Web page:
Finally, after 18 years they were released, but were strongly recommended to take the Alford Plea, in which the defendants have to admit to the crime to get out of prison. The state of Arkansas offered the men the Alford Plea, so they could not sue the state when they got out of prison. In my opinion, that is not
The concept of injustice has always been something that has infuriated me, especially when experienced by juveniles. One particular example is portrayed in a documentary called When Kids Get Life, which I watched during an undergraduate juvenile delinquency course. This documentary, and the injustice it portrays, ignited my passion to stand up for unjust policies and laws against juveniles. In When Kids Get Life, produced by PBS, FRONTLINE producer Ofra Bikel traveled to Colorado in 2007 to document a story about five individuals who were sentenced to life without parole as juveniles.
Financial feasibility: With both state and federal budgets being tight the cost of housing a juvenile in a detention center is “at an average cost of $240.99 per day per youth” (Justice Policy, 2009 p. 1) this can lead to billions a year for taxpayers even though “majority are held for nonviolent offenses and could be managed safely in the community” (Justice Policy Institute, 2009 p 1) and that is more financially feasible than incarcerating
The “Three Strikes Law” has been highly controversial since it was introduced by our government in the early and into the mid 1990’s. Specifically the “Three Strikes Law” looks to target persistent and prior offenders to impose harsher sentences. Since such a small percentage of the population commits such a large percent of crime, the “Three Strikes Law” was designed to incapacitate the repeat offenders. The mandated and elongated prison sentences given out by the judges for repeat offenders have been criticized and enclose both benefits and detriments. Throughout this paper I will look to delve deeper into the “Three Strikes Law” to determine the constitutionality of the statute while looking at specific case examples to support my theory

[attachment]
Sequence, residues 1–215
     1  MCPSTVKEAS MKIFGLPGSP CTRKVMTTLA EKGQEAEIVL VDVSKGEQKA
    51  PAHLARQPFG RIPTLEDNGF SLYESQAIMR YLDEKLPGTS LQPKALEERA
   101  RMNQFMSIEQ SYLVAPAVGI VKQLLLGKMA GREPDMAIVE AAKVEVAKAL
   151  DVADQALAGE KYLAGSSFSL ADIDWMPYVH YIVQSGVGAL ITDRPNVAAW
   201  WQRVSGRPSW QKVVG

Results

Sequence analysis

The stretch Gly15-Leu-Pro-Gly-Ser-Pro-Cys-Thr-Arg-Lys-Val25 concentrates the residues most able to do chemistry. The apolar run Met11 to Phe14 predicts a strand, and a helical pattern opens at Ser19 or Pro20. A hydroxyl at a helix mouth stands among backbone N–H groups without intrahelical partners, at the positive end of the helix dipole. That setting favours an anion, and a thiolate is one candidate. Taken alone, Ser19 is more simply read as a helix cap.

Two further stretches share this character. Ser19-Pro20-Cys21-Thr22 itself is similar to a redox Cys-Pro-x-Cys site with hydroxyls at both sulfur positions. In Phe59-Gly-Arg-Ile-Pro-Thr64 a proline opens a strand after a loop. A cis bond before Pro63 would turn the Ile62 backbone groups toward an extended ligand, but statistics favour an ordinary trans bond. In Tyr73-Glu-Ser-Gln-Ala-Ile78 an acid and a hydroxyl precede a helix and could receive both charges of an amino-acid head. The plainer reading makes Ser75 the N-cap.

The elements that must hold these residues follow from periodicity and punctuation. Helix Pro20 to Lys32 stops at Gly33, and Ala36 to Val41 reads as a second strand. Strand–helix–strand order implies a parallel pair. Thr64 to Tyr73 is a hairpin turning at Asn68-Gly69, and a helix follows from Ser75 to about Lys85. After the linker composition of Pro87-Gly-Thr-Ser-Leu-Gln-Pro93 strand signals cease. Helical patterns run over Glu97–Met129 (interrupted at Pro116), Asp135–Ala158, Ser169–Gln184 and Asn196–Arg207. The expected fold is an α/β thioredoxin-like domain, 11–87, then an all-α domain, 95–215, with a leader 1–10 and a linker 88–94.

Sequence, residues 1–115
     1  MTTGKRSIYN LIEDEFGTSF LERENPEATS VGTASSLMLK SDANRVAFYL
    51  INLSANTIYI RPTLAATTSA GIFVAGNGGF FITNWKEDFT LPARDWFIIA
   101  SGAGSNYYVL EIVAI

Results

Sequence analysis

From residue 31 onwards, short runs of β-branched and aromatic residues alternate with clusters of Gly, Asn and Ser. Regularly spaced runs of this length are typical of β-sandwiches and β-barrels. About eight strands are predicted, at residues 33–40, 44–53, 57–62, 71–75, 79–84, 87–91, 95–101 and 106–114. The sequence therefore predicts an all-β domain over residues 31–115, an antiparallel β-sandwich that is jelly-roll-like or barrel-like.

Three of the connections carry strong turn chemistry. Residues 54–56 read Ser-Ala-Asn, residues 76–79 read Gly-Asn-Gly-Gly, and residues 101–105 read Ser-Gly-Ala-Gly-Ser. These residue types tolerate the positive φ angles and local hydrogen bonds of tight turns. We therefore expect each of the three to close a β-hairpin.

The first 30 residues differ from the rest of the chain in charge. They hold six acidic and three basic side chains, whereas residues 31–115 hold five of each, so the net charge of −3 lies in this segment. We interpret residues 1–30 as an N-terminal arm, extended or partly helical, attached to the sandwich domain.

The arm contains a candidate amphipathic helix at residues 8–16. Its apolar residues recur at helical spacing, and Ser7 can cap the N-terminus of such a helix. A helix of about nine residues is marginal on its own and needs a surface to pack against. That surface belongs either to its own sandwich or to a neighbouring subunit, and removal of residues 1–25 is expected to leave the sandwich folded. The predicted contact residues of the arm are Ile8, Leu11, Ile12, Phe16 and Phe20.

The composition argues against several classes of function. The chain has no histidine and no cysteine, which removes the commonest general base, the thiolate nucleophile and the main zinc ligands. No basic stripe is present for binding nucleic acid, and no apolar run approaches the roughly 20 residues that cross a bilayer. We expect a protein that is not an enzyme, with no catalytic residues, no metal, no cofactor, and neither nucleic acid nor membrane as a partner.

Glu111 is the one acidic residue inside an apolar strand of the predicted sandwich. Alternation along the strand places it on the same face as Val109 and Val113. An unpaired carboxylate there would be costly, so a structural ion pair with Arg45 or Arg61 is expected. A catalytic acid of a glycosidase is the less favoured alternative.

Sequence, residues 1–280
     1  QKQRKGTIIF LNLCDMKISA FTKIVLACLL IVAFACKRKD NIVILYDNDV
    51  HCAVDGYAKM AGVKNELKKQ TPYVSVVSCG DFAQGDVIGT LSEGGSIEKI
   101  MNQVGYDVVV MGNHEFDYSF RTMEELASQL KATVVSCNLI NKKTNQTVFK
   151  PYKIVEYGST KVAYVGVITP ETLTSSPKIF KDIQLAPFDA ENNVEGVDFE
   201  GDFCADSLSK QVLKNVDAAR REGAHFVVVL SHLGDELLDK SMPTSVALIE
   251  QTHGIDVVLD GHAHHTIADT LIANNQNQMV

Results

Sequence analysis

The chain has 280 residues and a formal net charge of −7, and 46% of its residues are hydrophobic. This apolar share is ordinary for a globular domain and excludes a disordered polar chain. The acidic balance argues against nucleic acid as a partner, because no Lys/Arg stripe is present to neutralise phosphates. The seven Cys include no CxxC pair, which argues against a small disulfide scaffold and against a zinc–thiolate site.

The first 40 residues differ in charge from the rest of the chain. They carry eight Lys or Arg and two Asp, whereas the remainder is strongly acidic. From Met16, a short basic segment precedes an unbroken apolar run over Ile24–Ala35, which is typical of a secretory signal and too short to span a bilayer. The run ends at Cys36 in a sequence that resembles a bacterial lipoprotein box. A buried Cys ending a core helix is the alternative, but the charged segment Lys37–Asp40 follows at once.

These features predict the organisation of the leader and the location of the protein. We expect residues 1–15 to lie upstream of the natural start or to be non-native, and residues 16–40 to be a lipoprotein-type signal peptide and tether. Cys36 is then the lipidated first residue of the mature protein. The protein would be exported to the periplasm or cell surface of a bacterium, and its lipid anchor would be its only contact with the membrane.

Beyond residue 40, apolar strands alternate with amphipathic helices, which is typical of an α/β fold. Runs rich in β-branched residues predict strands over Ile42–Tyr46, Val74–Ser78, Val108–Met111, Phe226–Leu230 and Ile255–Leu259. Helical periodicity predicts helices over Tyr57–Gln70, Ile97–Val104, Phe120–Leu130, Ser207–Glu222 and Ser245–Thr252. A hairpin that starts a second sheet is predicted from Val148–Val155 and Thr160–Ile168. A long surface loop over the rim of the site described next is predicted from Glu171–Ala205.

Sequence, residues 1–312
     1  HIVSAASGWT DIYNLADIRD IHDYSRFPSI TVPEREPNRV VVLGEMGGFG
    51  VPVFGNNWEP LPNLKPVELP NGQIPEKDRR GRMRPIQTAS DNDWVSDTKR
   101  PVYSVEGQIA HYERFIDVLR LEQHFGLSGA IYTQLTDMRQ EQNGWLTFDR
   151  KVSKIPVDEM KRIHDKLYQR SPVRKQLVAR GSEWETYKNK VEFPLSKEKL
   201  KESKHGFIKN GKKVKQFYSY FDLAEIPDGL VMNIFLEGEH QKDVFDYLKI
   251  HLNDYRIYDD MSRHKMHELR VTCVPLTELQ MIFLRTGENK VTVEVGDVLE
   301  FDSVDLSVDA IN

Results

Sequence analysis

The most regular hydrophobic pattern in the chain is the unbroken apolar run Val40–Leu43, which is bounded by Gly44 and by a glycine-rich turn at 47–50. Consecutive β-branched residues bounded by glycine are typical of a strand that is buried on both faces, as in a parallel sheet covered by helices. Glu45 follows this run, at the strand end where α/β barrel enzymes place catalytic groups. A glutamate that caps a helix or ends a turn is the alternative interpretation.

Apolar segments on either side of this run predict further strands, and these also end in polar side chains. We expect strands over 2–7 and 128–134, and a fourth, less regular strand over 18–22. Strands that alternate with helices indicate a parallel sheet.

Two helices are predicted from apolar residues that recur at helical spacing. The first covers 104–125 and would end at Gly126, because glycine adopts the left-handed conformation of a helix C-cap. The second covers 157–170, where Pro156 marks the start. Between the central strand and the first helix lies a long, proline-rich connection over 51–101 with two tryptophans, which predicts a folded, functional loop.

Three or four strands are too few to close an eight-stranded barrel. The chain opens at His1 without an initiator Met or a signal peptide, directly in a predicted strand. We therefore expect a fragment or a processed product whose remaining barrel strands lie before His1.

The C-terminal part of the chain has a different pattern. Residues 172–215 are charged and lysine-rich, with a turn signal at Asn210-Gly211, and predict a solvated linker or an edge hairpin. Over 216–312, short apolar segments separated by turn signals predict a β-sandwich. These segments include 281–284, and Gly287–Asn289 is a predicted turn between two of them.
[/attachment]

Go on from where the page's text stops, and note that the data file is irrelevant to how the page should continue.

The privatization of youth confinement facilities is now widespread in the United States; almost half of the youth facilities in the country are privately operated. While many of these private facilities are owned or operated by non-profits, we focus this policy platform on for-profit facilities, which pose a unique and significant risk to youth (http://www.njjn.org/our-work/confining-youth-for-profit--policy-platform). Robert May’s documentary sheds a little light on the problem with the justice system and shows that it might be something that the United States wants to fix before it becomes a problem. He claims that minors need a justice system that protects their rights as well as they protect adult’s rights. Ciavarella was convicted in 2011 of racketeering and other charges, sentenced to 28 years in prison; of the 39 charges against him, Ciavarella was guilty for 12.